Understanding How Your Pets Communicate
The more time you spend with your pet, the more you will understand how your pets communicate. You will know when they are having a good day; when their mood is buoyant; when it’s time to play and when it’s time to sleep.
Cats, for example, use their tails to communicate – sometimes with more nuance than humans are capable of understanding. Dogs also use their tails, though not quite to the same degree as their feline friends. Smaller pets all have ways of expressing emotion. Watch how these guinea pigs “popcorn” when they’re happy. A fennec fox pet or a hedgehog will communicate by using their body language, the way they look at you, and the noises they make. It’s not words, but it is a language.
Training Doesn’t Just Happen
One of the most infuriating things you see online is people bemoaning bad habits of their pet. They will whine about how their dog jumps up on the table, or the cat walks on their work surfaces. It’s frustrating, sure – maybe you’ve even done it yourself! It’s natural.
It’s also important, however, to recognize that you’re in command here. Pets aren’t just here to change your life for the better and enrich you with company and adoration. You have to sometimes take on the role of the trainer since they have no other way of knowing how to behave. Cats don’t know why they can’t walk on the counter, so you just have to show them they’re not allowed.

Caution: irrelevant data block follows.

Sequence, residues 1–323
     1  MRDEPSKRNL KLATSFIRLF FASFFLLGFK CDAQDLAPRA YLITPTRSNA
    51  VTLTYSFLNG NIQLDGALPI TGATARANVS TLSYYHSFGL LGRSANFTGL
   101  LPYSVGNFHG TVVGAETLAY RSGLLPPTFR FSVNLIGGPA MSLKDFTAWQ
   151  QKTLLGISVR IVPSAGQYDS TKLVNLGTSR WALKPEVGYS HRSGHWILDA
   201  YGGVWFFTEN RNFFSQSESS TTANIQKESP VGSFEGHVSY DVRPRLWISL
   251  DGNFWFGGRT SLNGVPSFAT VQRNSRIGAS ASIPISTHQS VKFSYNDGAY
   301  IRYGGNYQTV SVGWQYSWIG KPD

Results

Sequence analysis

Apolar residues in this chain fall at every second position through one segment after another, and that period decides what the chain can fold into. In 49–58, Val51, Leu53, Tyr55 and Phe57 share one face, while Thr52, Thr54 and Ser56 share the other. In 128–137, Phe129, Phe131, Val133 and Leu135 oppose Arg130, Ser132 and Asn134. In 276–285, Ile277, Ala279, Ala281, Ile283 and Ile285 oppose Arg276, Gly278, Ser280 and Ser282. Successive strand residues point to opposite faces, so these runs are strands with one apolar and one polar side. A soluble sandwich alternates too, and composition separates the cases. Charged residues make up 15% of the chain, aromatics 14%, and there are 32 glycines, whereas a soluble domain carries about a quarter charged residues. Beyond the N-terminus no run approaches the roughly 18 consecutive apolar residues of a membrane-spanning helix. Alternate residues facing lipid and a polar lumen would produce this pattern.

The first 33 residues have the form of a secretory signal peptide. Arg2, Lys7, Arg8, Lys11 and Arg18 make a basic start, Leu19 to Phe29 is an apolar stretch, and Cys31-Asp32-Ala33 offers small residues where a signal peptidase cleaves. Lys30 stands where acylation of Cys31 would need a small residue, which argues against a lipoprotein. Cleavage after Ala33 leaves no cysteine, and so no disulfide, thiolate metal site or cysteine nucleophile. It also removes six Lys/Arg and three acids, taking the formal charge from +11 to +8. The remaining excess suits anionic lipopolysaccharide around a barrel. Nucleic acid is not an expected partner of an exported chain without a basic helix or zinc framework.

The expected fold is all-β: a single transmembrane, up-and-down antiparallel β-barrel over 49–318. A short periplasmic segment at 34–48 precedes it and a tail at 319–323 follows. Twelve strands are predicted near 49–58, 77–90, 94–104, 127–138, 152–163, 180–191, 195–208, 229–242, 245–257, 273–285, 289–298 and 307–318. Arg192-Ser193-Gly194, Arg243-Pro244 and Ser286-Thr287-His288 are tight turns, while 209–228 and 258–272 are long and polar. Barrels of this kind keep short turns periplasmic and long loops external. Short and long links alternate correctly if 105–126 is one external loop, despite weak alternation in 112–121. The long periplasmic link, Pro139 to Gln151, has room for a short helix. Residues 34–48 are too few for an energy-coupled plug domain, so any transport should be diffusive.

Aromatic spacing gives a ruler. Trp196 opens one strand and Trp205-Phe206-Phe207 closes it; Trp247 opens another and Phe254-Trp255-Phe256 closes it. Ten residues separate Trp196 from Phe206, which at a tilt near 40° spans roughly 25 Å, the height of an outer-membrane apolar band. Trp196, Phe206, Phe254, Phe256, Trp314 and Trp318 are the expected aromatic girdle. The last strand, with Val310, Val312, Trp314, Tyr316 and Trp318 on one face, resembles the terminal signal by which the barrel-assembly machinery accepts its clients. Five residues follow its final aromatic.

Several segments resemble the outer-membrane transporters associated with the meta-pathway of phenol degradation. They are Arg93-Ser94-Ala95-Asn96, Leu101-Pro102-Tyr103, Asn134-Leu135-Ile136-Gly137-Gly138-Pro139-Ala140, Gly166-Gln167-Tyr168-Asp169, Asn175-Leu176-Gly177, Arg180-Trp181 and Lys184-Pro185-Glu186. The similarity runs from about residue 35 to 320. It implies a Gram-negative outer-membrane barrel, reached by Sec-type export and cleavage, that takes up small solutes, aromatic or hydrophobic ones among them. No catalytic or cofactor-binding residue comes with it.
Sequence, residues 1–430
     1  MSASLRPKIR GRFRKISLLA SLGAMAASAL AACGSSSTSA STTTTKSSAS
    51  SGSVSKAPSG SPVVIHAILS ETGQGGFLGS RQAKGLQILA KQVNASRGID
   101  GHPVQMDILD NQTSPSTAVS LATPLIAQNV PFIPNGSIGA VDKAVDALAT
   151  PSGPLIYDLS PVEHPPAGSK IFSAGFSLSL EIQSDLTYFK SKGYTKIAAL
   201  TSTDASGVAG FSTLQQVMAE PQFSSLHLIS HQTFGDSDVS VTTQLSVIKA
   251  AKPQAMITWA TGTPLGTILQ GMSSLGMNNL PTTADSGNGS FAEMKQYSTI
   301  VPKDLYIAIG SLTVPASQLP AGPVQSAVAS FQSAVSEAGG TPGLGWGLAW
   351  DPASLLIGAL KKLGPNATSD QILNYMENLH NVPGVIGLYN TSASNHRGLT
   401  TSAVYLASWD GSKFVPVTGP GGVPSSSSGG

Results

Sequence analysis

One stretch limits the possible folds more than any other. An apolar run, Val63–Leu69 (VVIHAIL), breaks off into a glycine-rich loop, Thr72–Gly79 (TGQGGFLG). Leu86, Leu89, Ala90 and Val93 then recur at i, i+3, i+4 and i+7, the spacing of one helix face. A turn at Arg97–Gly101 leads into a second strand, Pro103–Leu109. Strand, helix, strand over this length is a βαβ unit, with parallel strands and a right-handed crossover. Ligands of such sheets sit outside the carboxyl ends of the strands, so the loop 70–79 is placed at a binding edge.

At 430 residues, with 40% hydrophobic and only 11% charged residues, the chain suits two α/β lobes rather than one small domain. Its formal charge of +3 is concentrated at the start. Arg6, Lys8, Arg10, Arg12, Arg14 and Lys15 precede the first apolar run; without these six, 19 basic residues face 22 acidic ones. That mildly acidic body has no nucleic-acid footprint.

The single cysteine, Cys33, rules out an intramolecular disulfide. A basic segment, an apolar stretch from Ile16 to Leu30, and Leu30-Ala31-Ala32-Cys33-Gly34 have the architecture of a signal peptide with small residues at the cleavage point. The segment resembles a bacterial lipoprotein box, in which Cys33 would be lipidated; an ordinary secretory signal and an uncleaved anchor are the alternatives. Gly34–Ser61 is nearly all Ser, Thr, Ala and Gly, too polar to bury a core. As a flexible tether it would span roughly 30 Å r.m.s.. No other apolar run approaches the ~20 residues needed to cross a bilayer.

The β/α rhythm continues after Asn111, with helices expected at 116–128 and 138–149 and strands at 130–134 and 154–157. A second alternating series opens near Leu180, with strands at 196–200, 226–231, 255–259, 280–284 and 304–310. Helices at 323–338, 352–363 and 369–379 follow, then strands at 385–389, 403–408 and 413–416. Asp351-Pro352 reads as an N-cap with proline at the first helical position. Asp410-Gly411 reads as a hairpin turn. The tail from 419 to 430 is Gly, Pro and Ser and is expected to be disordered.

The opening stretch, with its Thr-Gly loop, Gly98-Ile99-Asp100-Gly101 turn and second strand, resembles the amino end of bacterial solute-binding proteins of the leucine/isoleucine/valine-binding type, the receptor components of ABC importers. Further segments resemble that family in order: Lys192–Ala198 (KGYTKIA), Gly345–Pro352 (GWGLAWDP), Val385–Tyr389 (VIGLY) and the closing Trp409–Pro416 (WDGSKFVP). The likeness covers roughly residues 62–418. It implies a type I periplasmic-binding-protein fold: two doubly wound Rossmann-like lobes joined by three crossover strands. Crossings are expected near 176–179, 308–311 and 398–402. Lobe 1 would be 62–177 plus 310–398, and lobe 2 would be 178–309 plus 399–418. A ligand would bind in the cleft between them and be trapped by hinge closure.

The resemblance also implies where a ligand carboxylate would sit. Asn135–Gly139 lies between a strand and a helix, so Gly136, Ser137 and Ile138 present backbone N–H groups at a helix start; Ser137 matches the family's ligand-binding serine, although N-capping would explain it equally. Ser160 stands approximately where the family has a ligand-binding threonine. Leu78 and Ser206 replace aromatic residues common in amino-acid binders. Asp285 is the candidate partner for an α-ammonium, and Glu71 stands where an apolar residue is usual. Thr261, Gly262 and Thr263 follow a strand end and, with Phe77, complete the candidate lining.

All animals (including humans!) respond better to positive training rather than negative. Emphasize and praise the good behavior; ignore the bad.
You Can Train Yourself, Too
If you hear a hissing noise from your cat, then you know that they’re unhappy about something. Meows, on the other hand, can be a little more difficult to interpret – especially if you have never owned a cat before. The same applies to a dog barking and whining; do you know the difference?
If not, talk to people. Get online to a relevant forum, especially if you have pets that are less common in the general populace. Ask people to describe the sounds their animals make and learn to recognize them. Search for videos and then try to identify the behavior you think the animal is doing at the time of making the sound.
Forget The Eyes
People rely a lot on eye contact to interpret what a person is thinking or saying. Most of us know the old wives tale about liars being reluctant to look you in the eye. We see eye contact as a sign of trust.
Animals don’t. Do not stare at an animal; they will most likely interpret it as a threat! In this case, the eyes are not the window to the soul – they’re an alarm signal, so don’t ring it!